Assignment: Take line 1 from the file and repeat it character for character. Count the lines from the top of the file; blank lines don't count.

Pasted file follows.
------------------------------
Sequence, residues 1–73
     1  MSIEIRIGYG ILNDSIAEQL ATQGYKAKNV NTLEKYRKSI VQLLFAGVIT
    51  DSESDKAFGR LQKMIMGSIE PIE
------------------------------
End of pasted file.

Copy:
Sequence, residues 1–73